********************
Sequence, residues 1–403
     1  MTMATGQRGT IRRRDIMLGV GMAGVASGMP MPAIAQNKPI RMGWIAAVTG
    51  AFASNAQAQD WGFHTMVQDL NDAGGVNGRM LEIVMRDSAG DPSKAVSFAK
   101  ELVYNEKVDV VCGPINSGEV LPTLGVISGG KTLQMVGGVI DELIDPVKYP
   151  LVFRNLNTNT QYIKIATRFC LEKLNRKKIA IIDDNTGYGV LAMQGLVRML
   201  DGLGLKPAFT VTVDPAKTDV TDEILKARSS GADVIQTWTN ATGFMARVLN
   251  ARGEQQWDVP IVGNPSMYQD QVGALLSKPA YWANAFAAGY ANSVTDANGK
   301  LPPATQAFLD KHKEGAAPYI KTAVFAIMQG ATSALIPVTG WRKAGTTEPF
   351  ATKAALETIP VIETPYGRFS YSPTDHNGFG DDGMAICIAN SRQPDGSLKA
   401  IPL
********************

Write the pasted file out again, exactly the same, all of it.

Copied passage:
Sequence, residues 1–403
     1  MTMATGQRGT IRRRDIMLGV GMAGVASGMP MPAIAQNKPI RMGWIAAVTG
    51  AFASNAQAQD WGFHTMVQDL NDAGGVNGRM LEIVMRDSAG DPSKAVSFAK
   101  ELVYNEKVDV VCGPINSGEV LPTLGVISGG KTLQMVGGVI DELIDPVKYP
   151  LVFRNLNTNT QYIKIATRFC LEKLNRKKIA IIDDNTGYGV LAMQGLVRML
   201  DGLGLKPAFT VTVDPAKTDV TDEILKARSS GADVIQTWTN ATGFMARVLN
   251  ARGEQQWDVP IVGNPSMYQD QVGALLSKPA YWANAFAAGY ANSVTDANGK
   301  LPPATQAFLD KHKEGAAPYI KTAVFAIMQG ATSALIPVTG WRKAGTTEPF
   351  ATKAALETIP VIETPYGRFS YSPTDHNGFG DDGMAICIAN SRQPDGSLKA
   401  IPL